BOCA RATON, Fla. The war of the futures exchanges might yield substantial savings for money managers that invest or hedge in a broad range of derivatives contracts.
That boon to money managers is likely to be one result if the IntercontinentalExchange Inc. is successful in its bid for CBOT Holdings Inc.
ICE, the Atlanta-based over-the-counter energy market and parent of Londons ICE Futures oil exchange, announced on March 15 a $9.9 billion all-stock offer for CBOT Holdings, parent of the Chicago Board of Trade. The offer tops the $9 billion stock and cash bid from the Chicago Mercantile Exchange, made in October.
In a letter to Charles Carey, chairman of the CBOT board, ICE Chief Executive Officer Jeffrey Sprecher promised to give customers the ability to cross-margin positions in the combined product suite and in cleared over-the-counter products.
Mr. Sprecher did not elaborate on the details of his cross-margining plan when he spoke to reporters last week at the Futures Industry Associations annual conference in Boca Raton, where the letter was made available. But he emphasized that the CMEs more traditional clearing model, with limited cross-margining opportunities, represents an inefficient use of capital.
Price is not the only metric here. There is a lot more to this deal, Mr. Sprecher said.
One issue at the heart of the clearing debate is correlation between asset classes, many of which tend to move in tandem. Geopolitical tension, for instance, tends to push up the price of both oil and gold. As a result, an investor with long positions in both commodities might be considered as taking a similar view of the market in both instances and be required to provide less than 100% margin for each position. This is cross-margining.
Former Federal Reserve Chairman Alan Greenspan, a guest speaker at the FIA conference, commented on correlation, saying: I think that when we have severe pressures about stability in the world, gold prices will rise. It correlates very roughly with crude oil.
David Resler, chief economist at Nomura Securities International Inc, New York, said: Cross-margining provides flexibility for investors. Competition, such as we currently see in the exchange sector, ultimately always benefits customers.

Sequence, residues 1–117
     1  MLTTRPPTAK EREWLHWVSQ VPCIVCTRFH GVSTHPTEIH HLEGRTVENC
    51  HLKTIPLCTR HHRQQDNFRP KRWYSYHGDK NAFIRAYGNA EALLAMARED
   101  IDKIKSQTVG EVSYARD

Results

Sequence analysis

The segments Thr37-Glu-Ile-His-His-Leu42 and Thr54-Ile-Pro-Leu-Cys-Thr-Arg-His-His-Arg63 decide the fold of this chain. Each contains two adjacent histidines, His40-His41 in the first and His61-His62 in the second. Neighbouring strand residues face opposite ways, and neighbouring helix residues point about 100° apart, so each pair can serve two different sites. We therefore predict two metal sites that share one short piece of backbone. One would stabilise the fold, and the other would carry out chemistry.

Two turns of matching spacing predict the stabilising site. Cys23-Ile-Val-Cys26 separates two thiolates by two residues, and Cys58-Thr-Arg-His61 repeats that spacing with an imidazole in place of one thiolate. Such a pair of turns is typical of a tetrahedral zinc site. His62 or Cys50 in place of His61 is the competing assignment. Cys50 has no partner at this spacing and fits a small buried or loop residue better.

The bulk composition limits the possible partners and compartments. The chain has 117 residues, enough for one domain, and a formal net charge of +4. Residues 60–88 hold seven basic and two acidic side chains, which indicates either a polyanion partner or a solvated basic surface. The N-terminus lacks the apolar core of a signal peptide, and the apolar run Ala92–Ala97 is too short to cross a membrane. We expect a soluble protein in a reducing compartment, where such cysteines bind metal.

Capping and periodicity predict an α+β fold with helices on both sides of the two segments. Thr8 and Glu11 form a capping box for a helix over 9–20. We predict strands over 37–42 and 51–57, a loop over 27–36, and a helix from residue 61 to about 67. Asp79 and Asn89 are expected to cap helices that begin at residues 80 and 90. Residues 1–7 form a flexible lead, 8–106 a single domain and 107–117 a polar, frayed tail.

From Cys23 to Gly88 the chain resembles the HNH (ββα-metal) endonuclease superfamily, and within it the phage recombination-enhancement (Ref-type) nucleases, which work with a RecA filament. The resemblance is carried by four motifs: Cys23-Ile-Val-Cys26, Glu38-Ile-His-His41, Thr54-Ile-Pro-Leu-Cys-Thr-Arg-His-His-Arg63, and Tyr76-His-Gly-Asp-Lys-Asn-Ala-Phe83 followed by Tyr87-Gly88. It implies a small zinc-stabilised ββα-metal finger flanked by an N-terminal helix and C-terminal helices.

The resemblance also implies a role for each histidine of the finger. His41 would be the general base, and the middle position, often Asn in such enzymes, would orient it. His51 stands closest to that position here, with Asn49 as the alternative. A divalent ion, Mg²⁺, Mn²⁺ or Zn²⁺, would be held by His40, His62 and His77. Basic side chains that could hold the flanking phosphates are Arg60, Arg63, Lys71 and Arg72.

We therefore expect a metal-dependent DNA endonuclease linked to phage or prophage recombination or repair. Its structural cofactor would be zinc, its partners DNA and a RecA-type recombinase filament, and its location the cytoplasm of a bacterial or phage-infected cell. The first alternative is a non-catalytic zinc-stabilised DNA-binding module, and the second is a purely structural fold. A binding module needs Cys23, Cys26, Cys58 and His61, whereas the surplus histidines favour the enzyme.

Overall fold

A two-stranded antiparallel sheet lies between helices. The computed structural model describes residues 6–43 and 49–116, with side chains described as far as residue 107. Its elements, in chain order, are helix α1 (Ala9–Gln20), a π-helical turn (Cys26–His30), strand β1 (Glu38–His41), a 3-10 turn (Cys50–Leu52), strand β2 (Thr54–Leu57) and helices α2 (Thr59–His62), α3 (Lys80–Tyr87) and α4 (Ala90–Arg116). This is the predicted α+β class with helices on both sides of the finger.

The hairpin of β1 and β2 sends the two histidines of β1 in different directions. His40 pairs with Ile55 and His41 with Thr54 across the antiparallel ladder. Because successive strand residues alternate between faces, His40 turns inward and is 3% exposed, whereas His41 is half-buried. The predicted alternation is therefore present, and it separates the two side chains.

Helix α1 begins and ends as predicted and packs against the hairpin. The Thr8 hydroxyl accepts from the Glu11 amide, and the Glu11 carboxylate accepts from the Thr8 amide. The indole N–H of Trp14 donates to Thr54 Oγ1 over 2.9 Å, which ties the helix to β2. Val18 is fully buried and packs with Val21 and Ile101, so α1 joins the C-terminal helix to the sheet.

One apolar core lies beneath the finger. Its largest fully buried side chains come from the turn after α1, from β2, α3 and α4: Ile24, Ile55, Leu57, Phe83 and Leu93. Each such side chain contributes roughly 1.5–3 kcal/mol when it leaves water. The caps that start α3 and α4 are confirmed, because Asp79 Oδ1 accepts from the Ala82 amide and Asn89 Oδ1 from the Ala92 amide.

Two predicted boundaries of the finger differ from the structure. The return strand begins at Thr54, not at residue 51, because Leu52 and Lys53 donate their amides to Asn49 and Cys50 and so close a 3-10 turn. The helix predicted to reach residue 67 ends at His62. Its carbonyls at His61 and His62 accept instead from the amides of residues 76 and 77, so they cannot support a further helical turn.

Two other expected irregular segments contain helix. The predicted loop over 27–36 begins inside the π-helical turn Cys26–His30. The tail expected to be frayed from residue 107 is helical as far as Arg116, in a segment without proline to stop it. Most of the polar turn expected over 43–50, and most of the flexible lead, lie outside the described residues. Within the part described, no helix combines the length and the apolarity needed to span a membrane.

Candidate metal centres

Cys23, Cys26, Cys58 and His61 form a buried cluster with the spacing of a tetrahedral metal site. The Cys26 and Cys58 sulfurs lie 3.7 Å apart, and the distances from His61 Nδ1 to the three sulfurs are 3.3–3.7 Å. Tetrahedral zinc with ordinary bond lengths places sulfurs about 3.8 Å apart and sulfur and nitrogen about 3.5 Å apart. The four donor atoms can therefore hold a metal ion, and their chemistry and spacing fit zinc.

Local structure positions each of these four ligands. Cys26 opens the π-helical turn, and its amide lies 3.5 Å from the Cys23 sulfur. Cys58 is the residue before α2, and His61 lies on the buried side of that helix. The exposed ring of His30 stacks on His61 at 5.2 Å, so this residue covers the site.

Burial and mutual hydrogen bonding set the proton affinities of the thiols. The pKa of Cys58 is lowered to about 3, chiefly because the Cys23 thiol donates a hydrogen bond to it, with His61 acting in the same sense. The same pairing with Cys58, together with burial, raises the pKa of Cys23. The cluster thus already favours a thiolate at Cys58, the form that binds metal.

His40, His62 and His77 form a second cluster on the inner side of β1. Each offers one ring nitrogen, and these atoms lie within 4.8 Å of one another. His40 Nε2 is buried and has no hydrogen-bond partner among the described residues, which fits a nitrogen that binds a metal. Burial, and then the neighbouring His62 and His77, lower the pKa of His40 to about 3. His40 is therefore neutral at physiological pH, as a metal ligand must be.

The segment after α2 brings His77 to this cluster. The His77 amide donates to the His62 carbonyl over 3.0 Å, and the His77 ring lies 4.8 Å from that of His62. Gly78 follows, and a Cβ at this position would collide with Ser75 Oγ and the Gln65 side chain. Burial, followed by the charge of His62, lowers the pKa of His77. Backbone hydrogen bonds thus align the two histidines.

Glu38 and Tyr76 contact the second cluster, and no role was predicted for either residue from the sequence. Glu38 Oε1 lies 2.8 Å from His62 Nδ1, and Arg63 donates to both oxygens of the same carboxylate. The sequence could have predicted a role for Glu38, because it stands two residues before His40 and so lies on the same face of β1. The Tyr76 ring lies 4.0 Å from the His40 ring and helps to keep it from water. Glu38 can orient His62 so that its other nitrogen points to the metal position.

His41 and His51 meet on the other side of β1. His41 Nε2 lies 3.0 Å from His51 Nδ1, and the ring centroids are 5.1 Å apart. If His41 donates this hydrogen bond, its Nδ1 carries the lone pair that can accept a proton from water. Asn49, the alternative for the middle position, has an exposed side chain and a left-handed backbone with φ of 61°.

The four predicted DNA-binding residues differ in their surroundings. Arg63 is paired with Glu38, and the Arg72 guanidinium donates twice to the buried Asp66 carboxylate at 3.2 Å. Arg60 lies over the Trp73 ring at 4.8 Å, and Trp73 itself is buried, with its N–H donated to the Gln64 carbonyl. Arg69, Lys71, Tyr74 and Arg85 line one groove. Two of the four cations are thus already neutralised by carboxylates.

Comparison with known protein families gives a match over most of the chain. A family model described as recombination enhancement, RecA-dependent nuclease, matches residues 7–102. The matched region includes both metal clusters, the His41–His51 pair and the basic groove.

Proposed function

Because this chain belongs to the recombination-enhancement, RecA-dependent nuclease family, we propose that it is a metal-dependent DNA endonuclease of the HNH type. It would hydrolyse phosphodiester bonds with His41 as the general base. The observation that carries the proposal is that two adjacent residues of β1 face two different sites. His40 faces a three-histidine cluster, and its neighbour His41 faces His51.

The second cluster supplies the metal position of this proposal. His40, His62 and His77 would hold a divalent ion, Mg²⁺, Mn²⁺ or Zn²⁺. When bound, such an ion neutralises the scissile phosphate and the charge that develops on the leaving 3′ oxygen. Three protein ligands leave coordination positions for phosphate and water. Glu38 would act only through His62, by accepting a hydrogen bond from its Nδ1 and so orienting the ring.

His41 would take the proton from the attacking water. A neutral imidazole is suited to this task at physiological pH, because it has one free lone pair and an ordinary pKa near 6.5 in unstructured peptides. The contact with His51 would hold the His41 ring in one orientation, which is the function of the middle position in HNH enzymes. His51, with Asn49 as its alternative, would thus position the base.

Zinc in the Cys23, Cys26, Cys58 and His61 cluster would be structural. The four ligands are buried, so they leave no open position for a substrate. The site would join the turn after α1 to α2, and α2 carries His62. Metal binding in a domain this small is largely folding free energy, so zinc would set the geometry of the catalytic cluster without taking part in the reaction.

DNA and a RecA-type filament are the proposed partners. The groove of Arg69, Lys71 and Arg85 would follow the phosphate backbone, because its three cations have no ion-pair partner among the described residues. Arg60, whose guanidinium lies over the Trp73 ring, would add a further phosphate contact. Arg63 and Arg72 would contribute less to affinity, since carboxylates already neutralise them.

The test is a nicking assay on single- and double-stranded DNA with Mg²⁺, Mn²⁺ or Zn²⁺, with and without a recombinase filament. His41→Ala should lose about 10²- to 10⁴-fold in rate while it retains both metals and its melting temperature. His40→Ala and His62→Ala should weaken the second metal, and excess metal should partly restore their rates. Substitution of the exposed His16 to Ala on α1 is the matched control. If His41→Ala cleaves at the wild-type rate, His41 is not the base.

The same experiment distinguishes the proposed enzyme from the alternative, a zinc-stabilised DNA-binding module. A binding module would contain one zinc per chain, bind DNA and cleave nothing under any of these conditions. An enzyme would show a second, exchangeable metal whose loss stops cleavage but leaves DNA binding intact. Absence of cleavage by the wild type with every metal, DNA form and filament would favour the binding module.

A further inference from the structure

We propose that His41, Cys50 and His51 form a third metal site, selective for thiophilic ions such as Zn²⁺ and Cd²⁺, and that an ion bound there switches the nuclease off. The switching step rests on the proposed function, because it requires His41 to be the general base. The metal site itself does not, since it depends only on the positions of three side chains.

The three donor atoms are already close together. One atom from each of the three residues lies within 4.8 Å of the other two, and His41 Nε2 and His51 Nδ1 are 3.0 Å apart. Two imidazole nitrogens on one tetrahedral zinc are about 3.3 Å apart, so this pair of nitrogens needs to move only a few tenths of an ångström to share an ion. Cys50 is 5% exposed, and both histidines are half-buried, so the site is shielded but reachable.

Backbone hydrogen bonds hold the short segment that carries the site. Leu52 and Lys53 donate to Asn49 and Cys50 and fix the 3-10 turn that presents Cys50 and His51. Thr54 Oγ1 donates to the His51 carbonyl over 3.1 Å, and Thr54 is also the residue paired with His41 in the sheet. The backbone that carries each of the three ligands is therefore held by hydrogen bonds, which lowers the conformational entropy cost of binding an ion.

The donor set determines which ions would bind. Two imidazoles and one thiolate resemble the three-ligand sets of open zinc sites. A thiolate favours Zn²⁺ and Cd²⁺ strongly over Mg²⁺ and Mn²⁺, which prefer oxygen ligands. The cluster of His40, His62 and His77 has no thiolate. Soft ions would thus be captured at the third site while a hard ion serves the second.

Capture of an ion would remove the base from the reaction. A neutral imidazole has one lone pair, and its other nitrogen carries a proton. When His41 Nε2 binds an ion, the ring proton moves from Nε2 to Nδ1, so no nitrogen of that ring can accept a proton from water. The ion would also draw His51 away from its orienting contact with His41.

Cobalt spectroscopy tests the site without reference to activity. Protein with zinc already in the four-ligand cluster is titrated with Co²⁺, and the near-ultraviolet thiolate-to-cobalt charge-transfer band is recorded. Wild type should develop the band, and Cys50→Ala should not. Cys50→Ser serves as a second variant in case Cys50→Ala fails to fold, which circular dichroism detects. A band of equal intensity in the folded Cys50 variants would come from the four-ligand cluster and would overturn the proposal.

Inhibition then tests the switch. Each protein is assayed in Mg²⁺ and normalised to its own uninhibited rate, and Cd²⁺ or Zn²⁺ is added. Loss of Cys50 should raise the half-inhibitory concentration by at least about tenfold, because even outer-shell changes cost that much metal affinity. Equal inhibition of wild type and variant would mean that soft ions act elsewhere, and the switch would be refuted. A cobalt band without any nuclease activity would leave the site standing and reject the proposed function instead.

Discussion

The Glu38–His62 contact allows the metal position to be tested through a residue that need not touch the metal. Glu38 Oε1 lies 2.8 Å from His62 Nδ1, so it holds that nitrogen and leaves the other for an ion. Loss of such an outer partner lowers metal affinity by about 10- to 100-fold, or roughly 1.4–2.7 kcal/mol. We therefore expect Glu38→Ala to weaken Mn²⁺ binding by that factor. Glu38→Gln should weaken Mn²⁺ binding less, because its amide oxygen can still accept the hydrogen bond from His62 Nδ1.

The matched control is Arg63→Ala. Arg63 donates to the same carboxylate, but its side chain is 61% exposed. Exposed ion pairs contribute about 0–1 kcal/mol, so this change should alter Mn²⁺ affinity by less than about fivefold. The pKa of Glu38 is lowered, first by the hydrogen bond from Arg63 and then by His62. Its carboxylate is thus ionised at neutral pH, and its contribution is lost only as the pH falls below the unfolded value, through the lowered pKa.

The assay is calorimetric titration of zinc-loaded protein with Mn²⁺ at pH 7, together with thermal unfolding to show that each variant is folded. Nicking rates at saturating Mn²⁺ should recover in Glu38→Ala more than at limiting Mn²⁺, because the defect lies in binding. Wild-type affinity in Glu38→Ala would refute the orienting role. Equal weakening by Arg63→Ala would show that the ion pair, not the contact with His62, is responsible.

The potential for cross-margining between correlated asset classes is huge for the alliance that the CBOT could forge with either the ICE or the CME.
CBOT is the home of U.S. Treasury futures, as well as some equity indexes, benchmark grain contracts and precious metals, while ICE would bring trading in energy and soft commodities, since it bought the New York Board of Trade in January.
Cross-margining is an important issue. As far as posting margin or collateral, gaining an incremental rate of return is always a benefit when chasing a little bit of alpha and a few basis points. It should be met positively, said Larry Peruzzi, head of international equity at Boston Co. Asset Management LLC, Boston.
The firm has $68 billion under management, which includes some equity index futures, Mr. Peruzzi said.
Big for small portfolios
At the other end of the investment spectrum, savings on cross-margining can make a huge difference for a small portfolio.
Steven Schnur, CIO at Xenon Capital Management LLC, Chicago, said in some of the low-volatility futures contracts, even tiny savings can make a difference.
If you can get lower capital requirement on the fixed-income side, thats what its all about, because the volatility is so low and everyone is very leveraged, said Mr. Schnur, who manages a $70 million fixed-income futures portfolio.
One important feature differentiates the two offers: With the ICE, the CBOT would control the majority (51.5%) of the new entity resulting from the merger. With the CME, that control would be reduced to 39%.
This would have a bearing on the contentious issue of exercise rights on the Chicago Board Options Exchange held by a number of CBOT members, who founded the CBOE in 1973. The CBOE has made the point that such exercise rights should disappear if CBOT membership would disappear in the merger leading to a new CME Group Inc.
The CBOT membership becomes almost unrecognizable under the proposed merger with the Merc, Mr. Sprecher said.
Analyst Christopher Allen at Bank of America Corp., New York, questioned the strategic value of the ICE venture given the strategic value of the current CME-CBOT deal on the table. But he acknowledged flexibility in the potential legal structure of the transaction exists to provide CBOT members who hold CBOE exercise rights a preferred structure to preserve these rights.
The CME proposal is pending review by the Department of Justice for antitrust considerations and approval by the CME and CBOT shareholders and members in a vote set for April 4. An ICE-CBOT deal would likely invite similar regulatory scrutiny.
Following the ICE news, CME officials said in a statement they will keep on working toward the successful completion of our transaction, while the CBOT issued a release acknowledging the unsolicited offer, which it will review.